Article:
Beside the Quintet, the À tour d’anches at 15 minutes and four cheeky and shriekingly Stravinskian movements seems concise. What it lacks in epic reach and Iliad-like scale it compensates for in moodiness and metropolitan flair. It is laid out for oboe, clarinet, bassoon and piano and was written during the Nazi Occupation. The last movement is entitled Quasimodo. This pawky dissolute work has been heard before, though not in such splendid sound as is mustered by Naxos. It can be heard there, with various other chamber pieces, in a recording on Praga Digital.

The piano music disc comes up with two half hour three movement suites. Ombres and the composer’s own solo piano version of La Tragédie de Salomé. Ombres (or Shadows) comprises a complex key-shattering tornado first movement: J’entends dans le lointain … (I hear in the distance …). This lets up at some points for tremblingly fragile episodes. This movement dates from September 1917, as the First World War raged. At times it attains a Sorabji-like, pearly-veiled complexity, which would be a challenge to any pianist both technically and interpretatively. Mauresque from 1912 is a deliquescent essay and the last item, Cette ombre, mon image, composed in 1916, was written around poetry by Walt Whitman – a writer much admired by American and British composers including Schmitt’s friend Vaughan Williams. The music it drew from Schmitt is quite oneiric. Like so much in the Schmitt catalogue what we hear sounds utterly fluent for the piano.

Mirages, the latest work on the piano disc, consists of two pieces. The first of these is the very oblique and subtle, Et Pan, au fond des blés lunaires, s’accouda (And Pan, deep amid the moonlit wheat, cupped his chin in his hands), It was written in 1920 and is dedicated to the memory of Claude Debussy. This was Schmitt's contribution to a season of Debussy tributes in La Revue Musicale. The others were from Dukas, Roussel, Malipiero, Goossens, Bartók, Stravinsky, Ravel, Falla and Satie. The second piece was dedicated to Cortot with the title La Tragique Chevauchée (The Tragic Gallop). This Bartókian (Allegro barbaro) piece was written in July 1921 and admits a gentle muse from time to time amid a martellato angularity with which the piece ends. The whole piece is marked ‘Emporté et violent’. The gallop in question relates to the Mazeppa legend. The orchestral version of Mirages can be found on Timpani. Unsurprisingly John Ogdon recorded Mirages. His version can be heard, if you can find it, on EMI-Matrix 21. It’s probably more accessible in the Ogdon Icon box (50999 7 04637 2 9) - CD11 of 17 CDs.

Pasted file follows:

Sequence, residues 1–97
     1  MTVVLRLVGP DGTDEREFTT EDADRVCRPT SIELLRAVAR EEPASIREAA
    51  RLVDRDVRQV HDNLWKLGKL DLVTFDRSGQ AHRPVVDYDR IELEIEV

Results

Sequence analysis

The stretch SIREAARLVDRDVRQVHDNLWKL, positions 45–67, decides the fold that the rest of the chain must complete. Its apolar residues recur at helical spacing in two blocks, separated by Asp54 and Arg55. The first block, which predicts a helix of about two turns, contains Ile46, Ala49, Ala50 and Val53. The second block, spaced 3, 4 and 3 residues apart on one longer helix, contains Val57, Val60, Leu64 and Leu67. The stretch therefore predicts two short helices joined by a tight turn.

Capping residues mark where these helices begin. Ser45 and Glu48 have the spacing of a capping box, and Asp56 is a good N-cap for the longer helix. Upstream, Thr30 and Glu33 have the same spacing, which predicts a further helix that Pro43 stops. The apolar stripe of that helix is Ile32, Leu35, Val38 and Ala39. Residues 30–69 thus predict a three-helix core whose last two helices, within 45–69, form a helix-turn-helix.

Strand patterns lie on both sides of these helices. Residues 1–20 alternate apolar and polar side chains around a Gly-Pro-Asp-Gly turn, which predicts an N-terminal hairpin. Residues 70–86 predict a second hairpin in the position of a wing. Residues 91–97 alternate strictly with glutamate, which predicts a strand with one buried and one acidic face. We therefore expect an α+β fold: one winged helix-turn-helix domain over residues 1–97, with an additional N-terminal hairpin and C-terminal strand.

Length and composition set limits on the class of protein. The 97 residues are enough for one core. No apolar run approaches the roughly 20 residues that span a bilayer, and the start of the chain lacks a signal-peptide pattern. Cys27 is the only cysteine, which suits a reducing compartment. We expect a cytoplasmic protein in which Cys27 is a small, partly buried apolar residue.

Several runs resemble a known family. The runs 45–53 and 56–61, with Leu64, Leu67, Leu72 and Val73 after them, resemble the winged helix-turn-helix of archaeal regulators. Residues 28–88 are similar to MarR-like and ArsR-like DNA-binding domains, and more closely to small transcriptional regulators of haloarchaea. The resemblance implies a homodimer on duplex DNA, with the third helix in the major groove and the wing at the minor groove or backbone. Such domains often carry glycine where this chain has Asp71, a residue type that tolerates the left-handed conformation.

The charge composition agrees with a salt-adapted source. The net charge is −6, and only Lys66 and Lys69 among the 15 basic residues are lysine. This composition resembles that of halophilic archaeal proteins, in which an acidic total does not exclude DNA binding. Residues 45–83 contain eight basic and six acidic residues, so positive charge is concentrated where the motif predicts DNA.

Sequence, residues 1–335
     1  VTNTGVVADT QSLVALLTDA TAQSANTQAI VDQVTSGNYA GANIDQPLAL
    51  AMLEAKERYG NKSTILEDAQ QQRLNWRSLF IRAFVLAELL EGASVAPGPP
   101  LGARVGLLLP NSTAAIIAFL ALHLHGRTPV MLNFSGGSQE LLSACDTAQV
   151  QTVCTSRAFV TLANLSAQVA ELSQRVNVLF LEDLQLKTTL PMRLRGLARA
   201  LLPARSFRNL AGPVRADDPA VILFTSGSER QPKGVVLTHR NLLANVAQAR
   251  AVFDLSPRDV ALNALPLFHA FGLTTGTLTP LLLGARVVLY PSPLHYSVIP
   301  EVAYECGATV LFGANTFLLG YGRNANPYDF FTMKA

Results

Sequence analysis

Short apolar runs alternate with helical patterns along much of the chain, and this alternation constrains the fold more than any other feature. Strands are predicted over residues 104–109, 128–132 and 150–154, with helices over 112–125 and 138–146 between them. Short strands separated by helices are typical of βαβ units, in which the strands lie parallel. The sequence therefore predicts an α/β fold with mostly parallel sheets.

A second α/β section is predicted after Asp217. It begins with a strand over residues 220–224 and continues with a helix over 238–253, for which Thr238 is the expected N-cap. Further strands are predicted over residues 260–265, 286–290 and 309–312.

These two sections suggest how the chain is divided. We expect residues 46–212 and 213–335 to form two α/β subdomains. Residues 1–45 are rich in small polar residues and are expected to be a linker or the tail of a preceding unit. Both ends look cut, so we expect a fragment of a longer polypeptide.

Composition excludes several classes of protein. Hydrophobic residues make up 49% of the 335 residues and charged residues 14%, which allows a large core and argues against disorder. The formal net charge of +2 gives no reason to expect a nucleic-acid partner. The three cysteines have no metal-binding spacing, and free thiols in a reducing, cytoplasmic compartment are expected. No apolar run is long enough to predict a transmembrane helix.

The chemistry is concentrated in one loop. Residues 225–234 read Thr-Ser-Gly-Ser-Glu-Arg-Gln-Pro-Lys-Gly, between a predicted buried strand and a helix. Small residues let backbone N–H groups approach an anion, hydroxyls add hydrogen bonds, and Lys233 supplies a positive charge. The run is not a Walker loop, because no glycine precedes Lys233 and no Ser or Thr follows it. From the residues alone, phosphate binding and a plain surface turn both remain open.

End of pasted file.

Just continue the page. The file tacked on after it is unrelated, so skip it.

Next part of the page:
La Tragédie de Salomé had its origins in an exotic ballet in seven scenes and an hour’s duration. This score, for reduced orchestral forces, was recorded on Marco Polo 8.223448 conducted by Leif Segerstam. A second version is of half an hour’s duration, but this time for very full orchestra. It was premiered by Pierné in 1911. It’s this version by which many interested listeners are likely to know Schmitt. He knew the piano as exponent and made the piano reduction which Larderet plays here. The detail and contours will be familiar to those who recall the orchestral version from various recordings including the one by Martinon (EMI, 1973) but there are other recordings including Tortelier, Fischer, Goetzel, Janowski and in 1930 from Schmitt himself (review).

The piano version is in three sections and certainly the first two, in their swooning and exotic subtlety, suggest that Schmitt wrote under an influence similar to that which gripped Rimsky-Korsakov in his Antar Symphony. The finale is 17 minutes of writing of the most strenuously arduous upheaval – a volatile mélange of Sorabji or Stevenson and La Tragique Chevauchée. One can imagine this also appealing to John Ogdon. There is a version for two pianos which has been recorded by Dutton but was not included in Grand Piano’s 4 volume set. Larderet, who has a reputation for his Ravel, has said of Salome that it is “one of the most difficult piano works I have ever performed — on par with Beethoven’s Hammerklavier Sonata and Ravel’s Gaspard de la nuit”. The latter was said to have been in the mix when Schmitt wrote his Ombres. The disc’s notes remind us that Stravinsky, the score’s dedicatee, wrote to Schmitt in 1912 saying of Salomé “Dear God it’s beautiful! It’s one of the greatest masterpieces in modern music”.